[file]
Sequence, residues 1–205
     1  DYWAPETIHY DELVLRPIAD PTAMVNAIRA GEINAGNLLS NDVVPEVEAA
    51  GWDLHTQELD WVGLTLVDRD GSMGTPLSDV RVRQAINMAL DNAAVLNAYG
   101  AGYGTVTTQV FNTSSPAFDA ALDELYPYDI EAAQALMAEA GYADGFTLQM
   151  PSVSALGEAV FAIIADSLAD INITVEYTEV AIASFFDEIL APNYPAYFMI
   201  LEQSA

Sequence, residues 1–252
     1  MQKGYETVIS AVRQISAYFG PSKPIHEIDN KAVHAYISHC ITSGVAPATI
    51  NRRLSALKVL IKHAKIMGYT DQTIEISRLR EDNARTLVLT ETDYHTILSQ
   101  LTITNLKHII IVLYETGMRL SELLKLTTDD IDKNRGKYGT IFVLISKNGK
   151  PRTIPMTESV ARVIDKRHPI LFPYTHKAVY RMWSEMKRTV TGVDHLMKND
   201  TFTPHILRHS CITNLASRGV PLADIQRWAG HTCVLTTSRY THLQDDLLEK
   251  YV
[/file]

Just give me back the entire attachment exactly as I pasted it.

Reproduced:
Sequence, residues 1–205
     1  DYWAPETIHY DELVLRPIAD PTAMVNAIRA GEINAGNLLS NDVVPEVEAA
    51  GWDLHTQELD WVGLTLVDRD GSMGTPLSDV RVRQAINMAL DNAAVLNAYG
   101  AGYGTVTTQV FNTSSPAFDA ALDELYPYDI EAAQALMAEA GYADGFTLQM
   151  PSVSALGEAV FAIIADSLAD INITVEYTEV AIASFFDEIL APNYPAYFMI
   201  LEQSA

Sequence, residues 1–252
     1  MQKGYETVIS AVRQISAYFG PSKPIHEIDN KAVHAYISHC ITSGVAPATI
    51  NRRLSALKVL IKHAKIMGYT DQTIEISRLR EDNARTLVLT ETDYHTILSQ
   101  LTITNLKHII IVLYETGMRL SELLKLTTDD IDKNRGKYGT IFVLISKNGK
   151  PRTIPMTESV ARVIDKRHPI LFPYTHKAVY RMWSEMKRTV TGVDHLMKND
   201  TFTPHILRHS CITNLASRGV PLADIQRWAG HTCVLTTSRY THLQDDLLEK
   251  YV